Disintegration, 1924

John Jowett

Research output: Contribution to journalArticlepeer-review


Noting the negative connotations of the term “disintegration” in Shakespeare studies, this paper examines its inception as a label for earlier attribution scholarship and for John Dover Wilson's textual hypotheses in E.K. Chambers' British Academy lecture of 1924. The term's historical resonance is traced with reference particularly to Rutherford's work on the disintegration of the atom, but also the inter-war fear in the English establishment of social and cultural disintegration. Wilson, like Chambers, was employed by the Board of Education, and was likewise an adherent to the views of Matthew Arnold on education in English literature as a humanizing influence that might keep Arnoldian anarchy at bay. However, Chambers' term “disintegration” suggests that Wilson was unknowingly allied to the forces of anarchy. Although Chambers' critique of Wilson's theories was valid in itself, it made undisintegrated Shakespeare an article of faith, and thus had a damagingly ossifying effect on Shakespeare studies. Today, the anxiety about textual “disintegration” remains, but attribution work is identifying an increasing number of collaborative Shakespeare plays. What remains to be done is to learn, in a positive sense, how to read Shakespeare differently as a writer who worked alongside others. To this end, neither Wilson's “continuous copy” nor Chambers' “continuous personality” provides an adequate model. Textual study relates to both the historical Shakespeare and discontinuous texts.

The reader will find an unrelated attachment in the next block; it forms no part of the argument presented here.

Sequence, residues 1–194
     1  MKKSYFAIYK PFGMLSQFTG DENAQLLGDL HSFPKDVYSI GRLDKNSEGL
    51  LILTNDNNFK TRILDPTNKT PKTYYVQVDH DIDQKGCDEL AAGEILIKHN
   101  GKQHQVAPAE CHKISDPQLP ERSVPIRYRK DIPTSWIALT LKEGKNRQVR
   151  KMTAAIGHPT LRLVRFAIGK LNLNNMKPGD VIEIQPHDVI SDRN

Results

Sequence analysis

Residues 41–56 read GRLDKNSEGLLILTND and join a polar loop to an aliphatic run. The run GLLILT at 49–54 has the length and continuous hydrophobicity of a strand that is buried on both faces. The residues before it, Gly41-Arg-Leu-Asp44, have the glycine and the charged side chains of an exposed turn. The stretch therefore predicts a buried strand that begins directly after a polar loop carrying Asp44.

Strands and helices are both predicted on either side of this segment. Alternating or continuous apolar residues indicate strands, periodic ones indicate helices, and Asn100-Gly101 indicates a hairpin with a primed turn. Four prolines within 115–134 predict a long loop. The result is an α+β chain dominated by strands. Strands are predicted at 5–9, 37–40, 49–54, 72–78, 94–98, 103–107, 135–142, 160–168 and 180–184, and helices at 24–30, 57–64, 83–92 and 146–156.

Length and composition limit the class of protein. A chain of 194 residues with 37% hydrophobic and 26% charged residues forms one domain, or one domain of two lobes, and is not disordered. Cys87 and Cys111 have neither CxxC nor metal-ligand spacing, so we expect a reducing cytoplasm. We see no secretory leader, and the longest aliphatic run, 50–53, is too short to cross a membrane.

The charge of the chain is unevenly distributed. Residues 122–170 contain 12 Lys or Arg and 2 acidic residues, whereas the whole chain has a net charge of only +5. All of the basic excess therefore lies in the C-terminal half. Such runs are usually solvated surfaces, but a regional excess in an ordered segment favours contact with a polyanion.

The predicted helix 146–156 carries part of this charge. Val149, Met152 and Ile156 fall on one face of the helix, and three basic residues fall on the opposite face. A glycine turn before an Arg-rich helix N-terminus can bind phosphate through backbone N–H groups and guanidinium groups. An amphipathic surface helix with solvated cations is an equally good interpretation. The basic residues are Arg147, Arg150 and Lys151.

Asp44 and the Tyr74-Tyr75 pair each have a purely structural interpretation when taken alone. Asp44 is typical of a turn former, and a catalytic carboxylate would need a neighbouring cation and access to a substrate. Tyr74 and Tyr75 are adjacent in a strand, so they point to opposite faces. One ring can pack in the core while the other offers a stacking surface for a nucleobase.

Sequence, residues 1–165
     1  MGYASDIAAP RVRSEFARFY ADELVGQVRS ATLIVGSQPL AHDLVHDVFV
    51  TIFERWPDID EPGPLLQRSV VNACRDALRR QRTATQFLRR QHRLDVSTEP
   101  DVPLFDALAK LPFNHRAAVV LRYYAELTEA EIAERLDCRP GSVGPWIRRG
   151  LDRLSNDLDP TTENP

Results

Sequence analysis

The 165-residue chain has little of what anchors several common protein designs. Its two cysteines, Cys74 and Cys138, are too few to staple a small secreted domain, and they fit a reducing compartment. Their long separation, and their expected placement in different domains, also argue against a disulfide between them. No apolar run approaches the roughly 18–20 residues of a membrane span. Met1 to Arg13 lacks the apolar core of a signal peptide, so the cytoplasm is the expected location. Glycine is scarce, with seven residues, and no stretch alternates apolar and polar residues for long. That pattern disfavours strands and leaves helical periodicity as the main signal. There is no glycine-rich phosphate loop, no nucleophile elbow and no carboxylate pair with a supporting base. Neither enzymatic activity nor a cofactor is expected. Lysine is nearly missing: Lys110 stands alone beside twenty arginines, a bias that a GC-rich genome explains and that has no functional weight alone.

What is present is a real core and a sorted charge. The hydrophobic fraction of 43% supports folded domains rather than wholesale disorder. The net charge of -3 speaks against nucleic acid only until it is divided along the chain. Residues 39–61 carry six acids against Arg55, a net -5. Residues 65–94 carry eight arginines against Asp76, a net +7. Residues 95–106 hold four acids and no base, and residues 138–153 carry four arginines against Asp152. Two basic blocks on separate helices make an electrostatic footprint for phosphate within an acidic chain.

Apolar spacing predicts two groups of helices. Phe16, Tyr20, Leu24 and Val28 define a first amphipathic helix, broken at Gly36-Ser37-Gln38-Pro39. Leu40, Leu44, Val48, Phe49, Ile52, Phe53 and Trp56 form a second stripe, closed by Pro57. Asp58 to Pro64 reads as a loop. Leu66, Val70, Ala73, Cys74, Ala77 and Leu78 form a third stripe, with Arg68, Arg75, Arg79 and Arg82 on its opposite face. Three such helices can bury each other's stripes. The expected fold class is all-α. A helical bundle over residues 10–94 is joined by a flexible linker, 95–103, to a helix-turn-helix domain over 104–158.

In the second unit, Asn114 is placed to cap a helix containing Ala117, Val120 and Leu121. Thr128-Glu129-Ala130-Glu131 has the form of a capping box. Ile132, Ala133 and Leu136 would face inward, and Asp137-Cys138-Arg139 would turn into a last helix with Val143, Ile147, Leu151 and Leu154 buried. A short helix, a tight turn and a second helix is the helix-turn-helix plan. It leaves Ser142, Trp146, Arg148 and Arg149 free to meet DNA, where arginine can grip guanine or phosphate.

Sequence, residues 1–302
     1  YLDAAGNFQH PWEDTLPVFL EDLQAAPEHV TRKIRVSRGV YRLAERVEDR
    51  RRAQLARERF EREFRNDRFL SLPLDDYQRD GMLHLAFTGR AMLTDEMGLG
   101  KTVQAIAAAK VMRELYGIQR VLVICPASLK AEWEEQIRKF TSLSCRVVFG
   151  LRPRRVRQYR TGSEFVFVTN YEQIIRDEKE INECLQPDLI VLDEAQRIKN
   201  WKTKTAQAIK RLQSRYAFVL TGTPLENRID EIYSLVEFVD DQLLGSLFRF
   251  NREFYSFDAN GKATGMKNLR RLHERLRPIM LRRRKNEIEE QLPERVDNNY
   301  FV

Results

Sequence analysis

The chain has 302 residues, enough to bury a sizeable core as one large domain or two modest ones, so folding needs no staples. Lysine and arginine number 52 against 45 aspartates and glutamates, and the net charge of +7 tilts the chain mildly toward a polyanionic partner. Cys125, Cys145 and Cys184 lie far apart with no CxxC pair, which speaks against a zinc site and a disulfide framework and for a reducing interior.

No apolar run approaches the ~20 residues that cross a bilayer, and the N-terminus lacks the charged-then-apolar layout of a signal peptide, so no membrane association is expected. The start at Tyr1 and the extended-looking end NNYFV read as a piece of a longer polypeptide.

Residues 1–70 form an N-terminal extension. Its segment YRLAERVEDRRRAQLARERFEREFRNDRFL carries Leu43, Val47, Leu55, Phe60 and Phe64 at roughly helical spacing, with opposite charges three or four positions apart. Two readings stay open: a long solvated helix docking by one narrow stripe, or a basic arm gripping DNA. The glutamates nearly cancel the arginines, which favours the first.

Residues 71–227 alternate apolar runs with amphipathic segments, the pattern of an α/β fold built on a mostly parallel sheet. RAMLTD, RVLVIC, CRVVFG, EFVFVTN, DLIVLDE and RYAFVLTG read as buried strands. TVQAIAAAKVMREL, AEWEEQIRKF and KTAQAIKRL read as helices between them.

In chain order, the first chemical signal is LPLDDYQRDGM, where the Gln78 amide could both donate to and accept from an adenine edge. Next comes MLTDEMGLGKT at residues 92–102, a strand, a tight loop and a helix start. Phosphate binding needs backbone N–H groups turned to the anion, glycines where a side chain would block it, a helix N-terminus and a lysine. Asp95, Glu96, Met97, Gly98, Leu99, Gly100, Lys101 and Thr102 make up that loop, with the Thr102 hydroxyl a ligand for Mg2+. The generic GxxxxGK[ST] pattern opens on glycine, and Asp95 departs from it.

Original languageEnglish
Pages (from-to)171-187
Issue number2
Early online date10 Oct 2013
Publication statusPublished - 2014


  • disintegration
  • attribution study
  • collaboration
  • history of criticism
  • E.K. Chambers
  • John Dover Wilson
  • Ernest Rutherford
  • Matthew Arnold


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